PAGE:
Charge Trapping and Variability in CMOS Technologiesat Cryogenic Temperatures

7 Charge Noise Characterization

Charge noise is inevitable during device operation and thus can also be seen in electrical characterization. It occurs in different forms on both large area devices and scaled devices. On scaled devices, there are discrete steps in the measured drain-source current (math image), which correspond to charge capture and emission events of single defects. On large area devices, thousands of such charge capture and emission events take place simultaneously. Therefore in large devices discrete steps are not visible anymore, however, the superposition of the defects can be observed as 1/f noise.

In the following first the experimental characterization and the theoretical models describing charge noise in the frequency domain are introduced. Afterwards, algorithms for detecting and extracting the step heights and capture and emission time distributions are explained before measured RTN at cryogenic temperatures will be analyzed for different technologies.

7.1 Experimental Characterization

Experimentally, charge noise characterization on a MOSFET is straight-forward: A constant voltage is applied at the gate of the DUT, and the drain-source current is recorded for a defined period using an equidistant sampling scheme. Using an initially measured (math image)((math image)) curve, the current signal can be mapped to an equivalent (math image) signal. Active charge traps can capture and emit charges which can be seen as discrete steps in the recorded current and the corresponding (math image) curve. This is shown on four exemplary traces in Fig. 7.1 (left).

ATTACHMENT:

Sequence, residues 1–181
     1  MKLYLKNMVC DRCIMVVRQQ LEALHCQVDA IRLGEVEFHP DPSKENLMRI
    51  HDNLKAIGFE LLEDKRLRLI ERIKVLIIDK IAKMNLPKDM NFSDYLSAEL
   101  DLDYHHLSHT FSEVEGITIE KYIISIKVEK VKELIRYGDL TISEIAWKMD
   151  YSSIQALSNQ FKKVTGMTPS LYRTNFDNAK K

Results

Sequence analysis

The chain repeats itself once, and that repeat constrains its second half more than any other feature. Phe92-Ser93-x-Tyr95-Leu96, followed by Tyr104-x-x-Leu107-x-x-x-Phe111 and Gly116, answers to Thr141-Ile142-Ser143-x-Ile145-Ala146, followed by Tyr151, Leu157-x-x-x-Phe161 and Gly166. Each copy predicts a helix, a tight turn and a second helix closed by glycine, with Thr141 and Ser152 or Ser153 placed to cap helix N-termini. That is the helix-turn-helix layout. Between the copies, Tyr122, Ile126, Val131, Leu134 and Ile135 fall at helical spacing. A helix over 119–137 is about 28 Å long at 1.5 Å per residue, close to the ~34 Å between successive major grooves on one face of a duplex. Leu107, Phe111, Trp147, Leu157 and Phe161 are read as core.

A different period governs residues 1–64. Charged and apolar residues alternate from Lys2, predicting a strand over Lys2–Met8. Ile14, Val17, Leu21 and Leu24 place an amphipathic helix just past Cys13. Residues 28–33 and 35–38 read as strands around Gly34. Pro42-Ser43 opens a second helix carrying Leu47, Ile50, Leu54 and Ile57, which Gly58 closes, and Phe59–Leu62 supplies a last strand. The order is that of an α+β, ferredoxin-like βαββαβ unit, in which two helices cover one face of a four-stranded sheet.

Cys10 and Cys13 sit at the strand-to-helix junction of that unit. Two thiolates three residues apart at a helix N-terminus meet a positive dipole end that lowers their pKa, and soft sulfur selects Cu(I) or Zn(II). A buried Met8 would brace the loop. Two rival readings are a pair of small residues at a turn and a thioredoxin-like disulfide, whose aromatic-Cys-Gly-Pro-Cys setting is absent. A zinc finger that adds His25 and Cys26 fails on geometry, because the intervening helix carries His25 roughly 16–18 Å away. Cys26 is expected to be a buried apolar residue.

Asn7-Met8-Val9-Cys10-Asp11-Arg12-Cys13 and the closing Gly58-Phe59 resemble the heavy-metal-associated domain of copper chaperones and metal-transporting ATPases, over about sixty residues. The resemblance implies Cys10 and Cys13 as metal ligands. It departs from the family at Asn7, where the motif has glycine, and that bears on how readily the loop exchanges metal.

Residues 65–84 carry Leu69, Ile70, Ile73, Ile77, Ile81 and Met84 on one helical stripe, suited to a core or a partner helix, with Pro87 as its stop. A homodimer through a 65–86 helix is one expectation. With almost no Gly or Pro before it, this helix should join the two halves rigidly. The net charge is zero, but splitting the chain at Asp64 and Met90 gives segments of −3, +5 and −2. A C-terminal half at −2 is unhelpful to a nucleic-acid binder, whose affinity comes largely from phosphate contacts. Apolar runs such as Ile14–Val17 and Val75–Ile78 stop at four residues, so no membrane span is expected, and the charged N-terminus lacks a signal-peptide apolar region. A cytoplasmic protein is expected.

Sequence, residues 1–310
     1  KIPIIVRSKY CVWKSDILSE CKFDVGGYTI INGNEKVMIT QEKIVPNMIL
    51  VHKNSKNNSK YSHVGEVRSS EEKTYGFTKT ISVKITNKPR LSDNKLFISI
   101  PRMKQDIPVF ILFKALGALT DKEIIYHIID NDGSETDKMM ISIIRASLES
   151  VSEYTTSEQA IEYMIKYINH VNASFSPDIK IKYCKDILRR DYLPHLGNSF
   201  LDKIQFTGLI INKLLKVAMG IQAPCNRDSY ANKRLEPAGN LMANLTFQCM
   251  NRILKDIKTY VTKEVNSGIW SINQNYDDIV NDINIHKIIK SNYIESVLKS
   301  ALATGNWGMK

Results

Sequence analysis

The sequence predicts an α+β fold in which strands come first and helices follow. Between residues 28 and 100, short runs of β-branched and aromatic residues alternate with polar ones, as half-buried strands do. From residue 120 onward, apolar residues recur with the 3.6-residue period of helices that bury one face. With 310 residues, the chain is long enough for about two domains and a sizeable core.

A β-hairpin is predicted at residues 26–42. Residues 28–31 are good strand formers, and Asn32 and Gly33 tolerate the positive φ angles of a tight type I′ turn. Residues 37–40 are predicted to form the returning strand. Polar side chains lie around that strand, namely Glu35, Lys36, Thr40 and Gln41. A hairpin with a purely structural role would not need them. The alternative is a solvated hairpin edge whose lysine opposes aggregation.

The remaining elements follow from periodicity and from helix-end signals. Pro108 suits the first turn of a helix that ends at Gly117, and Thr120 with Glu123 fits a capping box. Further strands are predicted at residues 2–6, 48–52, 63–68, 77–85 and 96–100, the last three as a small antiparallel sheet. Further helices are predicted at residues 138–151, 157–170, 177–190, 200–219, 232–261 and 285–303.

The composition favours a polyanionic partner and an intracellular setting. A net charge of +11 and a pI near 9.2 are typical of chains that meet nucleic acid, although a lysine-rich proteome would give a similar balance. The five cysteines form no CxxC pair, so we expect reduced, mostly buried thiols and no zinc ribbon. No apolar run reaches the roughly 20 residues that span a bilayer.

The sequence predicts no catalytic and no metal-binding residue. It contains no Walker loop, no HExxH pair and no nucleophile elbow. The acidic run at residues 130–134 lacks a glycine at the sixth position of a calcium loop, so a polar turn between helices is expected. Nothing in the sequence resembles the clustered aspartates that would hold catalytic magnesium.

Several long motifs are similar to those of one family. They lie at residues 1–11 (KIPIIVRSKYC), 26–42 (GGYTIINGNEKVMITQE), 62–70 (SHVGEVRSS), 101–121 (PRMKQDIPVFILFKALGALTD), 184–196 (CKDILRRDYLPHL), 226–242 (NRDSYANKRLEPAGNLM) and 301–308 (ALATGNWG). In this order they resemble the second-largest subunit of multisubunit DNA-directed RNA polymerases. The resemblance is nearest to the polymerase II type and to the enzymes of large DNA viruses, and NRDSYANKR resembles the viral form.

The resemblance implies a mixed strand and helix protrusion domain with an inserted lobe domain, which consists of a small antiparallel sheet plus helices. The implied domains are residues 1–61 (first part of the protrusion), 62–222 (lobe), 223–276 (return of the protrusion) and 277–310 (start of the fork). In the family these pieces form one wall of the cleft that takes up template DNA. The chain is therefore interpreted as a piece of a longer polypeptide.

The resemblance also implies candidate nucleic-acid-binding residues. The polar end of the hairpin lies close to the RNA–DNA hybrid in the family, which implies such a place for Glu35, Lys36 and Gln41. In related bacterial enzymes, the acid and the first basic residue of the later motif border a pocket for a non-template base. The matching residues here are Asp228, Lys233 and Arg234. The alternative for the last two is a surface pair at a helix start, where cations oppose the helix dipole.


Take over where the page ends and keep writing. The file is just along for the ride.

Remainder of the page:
Figure 7.1: Four exemplary RTN signals show different mean charge capture and emission times and step heights. From these RTN signals the power spectral density (represented by the same color as the corresponding RTN signal) can be obtained, which follows a Lorentzian distribution. The corner frequency of the Lorentzian corresponds to the mean capture/emission time \( \tau    \) of the RTN signal. The superposition of uniformly distributed Lorentzian signals follows a 1/f behavior, which is well known from large area devices.

Such traces can be recorded for various gate voltages and temperature conditions. This allows to determine the dependence of different parameters such as mean charge capture and emission times or mean step heights on (math image) and \( T \). By varying the sampling frequency from high to low frequencies, defects with high and low capture and emission rates can be accessed.